In summer, 2011, As the US and the European union tighten sanctions on Syria, Assad decides to  make a few gestures toward reform, calling it a "national dialogue." Meanwhile a nominal Syrian Opposition begins to emerge, holding its first significant meeting in Istanbul. The goal is to put forward a national opposition leadership and gain international recognition.  Protests spread amid signs that the conflict is overflowing Syria's borders and threatening to draw in the region as Sunni-Alawite clashes explode in Lebanon.

As the summer progresses,   the US and other Western and Arab nations use sanctions to pressure Assad to step down as the UN reports floods of refugees leaving Syria for neighbouring countries.  In the fall, just as the Arab League expels Syria from membership, Russia and China, block a UN resolution condemning government atrocities.

In winter, 2011-2012, Syria allows Arab League observers to monitor the conflict as giant suicide bombs explode near military installations in Damascus. The Opposition denies responsibility and suggests the government is trying to start a sectarian war. Both sides will point to each other as instigators of the sectarian war that everyone fears.
                             Russia and China Block Intervention in Syria in the UN.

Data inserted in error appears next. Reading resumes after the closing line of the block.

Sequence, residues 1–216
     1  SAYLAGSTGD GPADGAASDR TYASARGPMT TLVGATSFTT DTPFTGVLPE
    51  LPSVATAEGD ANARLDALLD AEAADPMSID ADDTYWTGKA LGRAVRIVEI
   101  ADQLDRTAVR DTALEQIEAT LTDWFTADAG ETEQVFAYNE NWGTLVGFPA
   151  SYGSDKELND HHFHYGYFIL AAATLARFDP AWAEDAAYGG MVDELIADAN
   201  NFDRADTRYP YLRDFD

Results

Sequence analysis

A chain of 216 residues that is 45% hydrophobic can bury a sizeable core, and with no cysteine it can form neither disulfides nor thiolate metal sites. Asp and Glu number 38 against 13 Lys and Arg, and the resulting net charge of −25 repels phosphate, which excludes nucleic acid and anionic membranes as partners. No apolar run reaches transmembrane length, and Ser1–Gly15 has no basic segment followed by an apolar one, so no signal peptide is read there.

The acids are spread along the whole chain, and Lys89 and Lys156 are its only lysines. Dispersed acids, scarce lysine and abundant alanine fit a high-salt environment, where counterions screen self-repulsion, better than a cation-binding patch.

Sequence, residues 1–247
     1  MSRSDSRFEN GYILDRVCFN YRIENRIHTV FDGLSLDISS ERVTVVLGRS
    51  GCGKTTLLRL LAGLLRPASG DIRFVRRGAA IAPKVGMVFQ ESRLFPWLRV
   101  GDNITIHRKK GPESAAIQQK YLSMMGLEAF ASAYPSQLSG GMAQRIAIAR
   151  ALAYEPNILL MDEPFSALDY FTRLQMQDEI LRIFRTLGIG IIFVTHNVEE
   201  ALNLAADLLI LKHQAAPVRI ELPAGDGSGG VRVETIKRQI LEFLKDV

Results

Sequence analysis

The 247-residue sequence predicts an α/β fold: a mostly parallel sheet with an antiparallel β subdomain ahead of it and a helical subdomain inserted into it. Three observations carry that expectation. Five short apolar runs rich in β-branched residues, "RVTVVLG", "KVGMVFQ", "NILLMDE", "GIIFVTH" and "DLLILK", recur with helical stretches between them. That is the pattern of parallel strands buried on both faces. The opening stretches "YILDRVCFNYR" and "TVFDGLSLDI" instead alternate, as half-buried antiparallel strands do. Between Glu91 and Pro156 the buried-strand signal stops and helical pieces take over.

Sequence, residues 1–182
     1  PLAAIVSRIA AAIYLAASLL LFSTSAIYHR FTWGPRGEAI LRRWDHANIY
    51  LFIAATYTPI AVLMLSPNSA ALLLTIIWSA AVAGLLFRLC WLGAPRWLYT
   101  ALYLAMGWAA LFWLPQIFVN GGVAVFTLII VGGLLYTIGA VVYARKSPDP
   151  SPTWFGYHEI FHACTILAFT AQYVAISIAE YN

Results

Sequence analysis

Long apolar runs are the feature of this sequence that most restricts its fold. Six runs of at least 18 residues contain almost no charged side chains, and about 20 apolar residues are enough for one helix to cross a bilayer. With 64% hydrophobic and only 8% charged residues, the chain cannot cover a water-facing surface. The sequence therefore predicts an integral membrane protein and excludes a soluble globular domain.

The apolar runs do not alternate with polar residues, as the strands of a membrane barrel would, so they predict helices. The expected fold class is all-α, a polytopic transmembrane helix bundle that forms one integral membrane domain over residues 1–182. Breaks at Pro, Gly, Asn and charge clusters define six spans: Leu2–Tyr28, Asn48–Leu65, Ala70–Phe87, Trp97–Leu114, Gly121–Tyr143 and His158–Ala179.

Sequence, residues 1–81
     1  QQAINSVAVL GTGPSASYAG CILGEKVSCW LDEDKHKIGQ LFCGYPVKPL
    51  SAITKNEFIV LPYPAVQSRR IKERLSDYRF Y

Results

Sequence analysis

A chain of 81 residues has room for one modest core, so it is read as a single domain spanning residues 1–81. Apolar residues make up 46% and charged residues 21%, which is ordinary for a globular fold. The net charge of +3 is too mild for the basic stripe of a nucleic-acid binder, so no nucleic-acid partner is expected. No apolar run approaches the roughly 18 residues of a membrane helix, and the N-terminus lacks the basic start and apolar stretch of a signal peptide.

Russia and China block another UN resolution on Syria amid increasing government violence as it retakes Homs in March killing scores including children in reprisal. Immense terrorist bombings begin to point to Al Qaeda. Meanwhile, Arab observers, immobilized by the violence, begin to arrange support for the opposition. The government continues it attacks on peaceful demonstrations at "protest hubs" in cities like Idlib, Hama, Homs and Deraa, that string the western corridor.

In March and April 2012, UN envoy Kofi Annan proposes a ceasefire that might allow the beginnings of dialogue. Russia and China support the plan but only after weakening its stipulations. But violence continues as the government steps up its offenses and the opposition responds as the deadline approaches. Annan's ceasefire deadline comes and goes in early April leaving the ceasefire in tatters. The government forges ahead using heavy weaponry and perpetrates another massacre at Hula.

The Red Cross has already declared the Syrian conflict a civil war. Violence spills over into Lebanon in mid-May as anti-Assad Sunnis in Tripoli and Kobbe lash with local supporters of the Syrian regime while a Lebanese critic of the Assad regime was arrested, setting of more clashes and hinting that Hezbollah government authorities might be putting their weight behind their longt-time Syrian ally.

 The war internationalizes with the onset of summer, 2012, as a Turkish jet in Syrian airspace is shot down by Syria and Western diplomats pull their ambassadors from embassies in Damascus. Turkey meanwhile sharpens its rules of engagement, threatening to attack any Syrian incursion on its border. Syria is increasingly beleaguered as high level defections from the Assad regime combine with President Obama's warning of  serious measures of Syria uses its alleged stores of chemical weapons. As UN observers pull out of Syria citing the increasing violence, Lakdar Brahimi becomes the new UN peace envoy.

                      The rebel Syrian Free Army Begins to Make Progress around Aleppo